Courtesy of the Chinati Foundation
Founded by Donald Judd, the Chinati Foundation first opened its doors to visitors in 1987.
For the first time in two years, the Chinati Foundation—a contemporary museum located on the outskirts of artsy Marfa, Texas—will host its annual open house, celebrating the works of artists Dan Flavin and Hyong-Keun Yun.
For nearly two years, museums have struggled to stay afloat during the pandemic, which has been especially true in COVID-ravaged west Texas. But Marfa’s Chinati Foundation—world renowned for being the former homestead of the late minimalist artist Donald Judd and for housing the large collection of works he left behind—is slowly making a comeback. From Friday, October 8, through Sunday, October 10, visitors can celebrate the organization’s 34th annual Weekend Open House, the first time it has been held since 2019—in-person.
Occupying 340 acres on the outskirts of art hot spot Marfa, Texas, the Chinati Foundation is a contemporary art museum established by Judd in 1987. Judd partially relocated to Marfa from New York City in 1971 and subsequently began buying up houses and land around town to create his dream artistic playground and exhibition space. During his sojourns to Marfa (he also maintained homes in New York and Switzerland), his works blossomed in scale, with installations sometimes taking over entire rooms—and when the rooms weren’t big enough to accommodate his ideas, he would build his pieces outside, as was the case with his 15 untitled works in concrete.
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Judd’s original vision for the museum initially centered around displaying his own work as well as art by sculptural light artist Dan Flavin and abstract sculptor John Chamberlain, but he ended up adding pieces by David Rabinowitch, Richard Long, and Coosje van Bruggen, among others, in his later years. After his death in 1994, the museum continued to further expand the collection with more artwork and installations. The work of Flavin and Korean painter Hyong-Keun Yun (an artist whom Judd admired) will be spotlighted during the open house.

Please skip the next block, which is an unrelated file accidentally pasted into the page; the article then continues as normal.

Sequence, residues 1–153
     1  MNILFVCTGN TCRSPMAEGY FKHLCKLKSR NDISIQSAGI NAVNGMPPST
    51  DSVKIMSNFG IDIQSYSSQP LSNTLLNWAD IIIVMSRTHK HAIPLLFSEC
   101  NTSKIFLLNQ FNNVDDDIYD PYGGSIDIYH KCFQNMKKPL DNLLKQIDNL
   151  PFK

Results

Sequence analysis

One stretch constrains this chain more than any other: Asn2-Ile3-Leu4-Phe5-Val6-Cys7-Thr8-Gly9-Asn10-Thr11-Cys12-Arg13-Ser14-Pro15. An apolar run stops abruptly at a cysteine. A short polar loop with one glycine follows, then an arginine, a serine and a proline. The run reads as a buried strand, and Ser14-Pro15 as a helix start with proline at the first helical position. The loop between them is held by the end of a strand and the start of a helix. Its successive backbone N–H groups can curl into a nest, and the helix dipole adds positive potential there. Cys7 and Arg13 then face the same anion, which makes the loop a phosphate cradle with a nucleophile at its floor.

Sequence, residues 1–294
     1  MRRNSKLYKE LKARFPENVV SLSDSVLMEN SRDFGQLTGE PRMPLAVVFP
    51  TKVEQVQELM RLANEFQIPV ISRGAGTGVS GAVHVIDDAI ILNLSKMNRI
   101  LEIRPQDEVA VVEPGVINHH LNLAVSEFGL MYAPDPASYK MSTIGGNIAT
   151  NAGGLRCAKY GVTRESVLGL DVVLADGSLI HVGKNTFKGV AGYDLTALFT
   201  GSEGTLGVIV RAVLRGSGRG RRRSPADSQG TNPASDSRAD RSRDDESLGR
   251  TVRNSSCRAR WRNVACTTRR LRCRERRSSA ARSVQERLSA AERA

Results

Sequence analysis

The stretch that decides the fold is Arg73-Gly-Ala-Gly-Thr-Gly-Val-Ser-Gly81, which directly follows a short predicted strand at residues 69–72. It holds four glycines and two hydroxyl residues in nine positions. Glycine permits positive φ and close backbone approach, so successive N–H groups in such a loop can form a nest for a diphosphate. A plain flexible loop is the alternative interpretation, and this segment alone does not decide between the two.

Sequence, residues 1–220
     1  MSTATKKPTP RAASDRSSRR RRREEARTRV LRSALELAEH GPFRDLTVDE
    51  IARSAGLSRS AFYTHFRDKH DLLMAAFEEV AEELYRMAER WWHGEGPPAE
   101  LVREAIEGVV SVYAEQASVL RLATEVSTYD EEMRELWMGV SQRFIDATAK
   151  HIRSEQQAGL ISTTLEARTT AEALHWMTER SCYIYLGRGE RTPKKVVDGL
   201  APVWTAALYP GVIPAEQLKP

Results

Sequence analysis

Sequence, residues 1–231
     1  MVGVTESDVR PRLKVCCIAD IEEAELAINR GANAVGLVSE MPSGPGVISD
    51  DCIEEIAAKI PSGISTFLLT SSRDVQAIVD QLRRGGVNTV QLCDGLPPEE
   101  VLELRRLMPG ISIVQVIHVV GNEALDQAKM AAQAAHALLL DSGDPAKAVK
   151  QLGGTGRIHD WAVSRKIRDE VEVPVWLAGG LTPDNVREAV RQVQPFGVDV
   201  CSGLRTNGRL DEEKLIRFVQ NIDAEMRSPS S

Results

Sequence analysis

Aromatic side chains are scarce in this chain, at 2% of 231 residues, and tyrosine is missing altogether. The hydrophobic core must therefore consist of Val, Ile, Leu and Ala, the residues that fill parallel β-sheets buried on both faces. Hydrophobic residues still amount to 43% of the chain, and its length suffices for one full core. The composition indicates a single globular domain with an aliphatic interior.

Chinati weekend will begin on Friday evening with an open studio hosted by the foundation’s artist in residence, Alan Ruiz, whose work explores perception and space. On Saturday, plywood wall works by Judd, paintings by Yun, and an installation by Flavin will all be on display at the museum. Trombonist David Dove will also perform with his ensemble inside Flavin’s untitled (Marfa project)—a permanent installation comprised of 336 new fluorescent lamps—from 10 a.m. to 2 p.m., which will then be followed by an artist talk helmed by Ruiz discussing Flavin’s piece. On Sunday morning, the Chinati Foundation will hold a sunrise viewing of Judd’s iconic outdoor works on the property, which include 15 untitled works in concrete and 100 untitled works in mill aluminum. As always during the open houses, admission to the museum is free over the weekend.
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Although the Chinati Foundation reopened to the public on July 22 (by reservation only), this is the first large-scale event that it has put on since the beginning of the pandemic. “The past year and a half has been very challenging, and we hope that Chinati Weekend Open House offers a respite—whether by fostering an individual connection with the art that endures here or by offering the opportunity to gather together as a community amidst the installations, architecture, land, and space that define this special place,” says Chinati Foundation director Jenny Moore.
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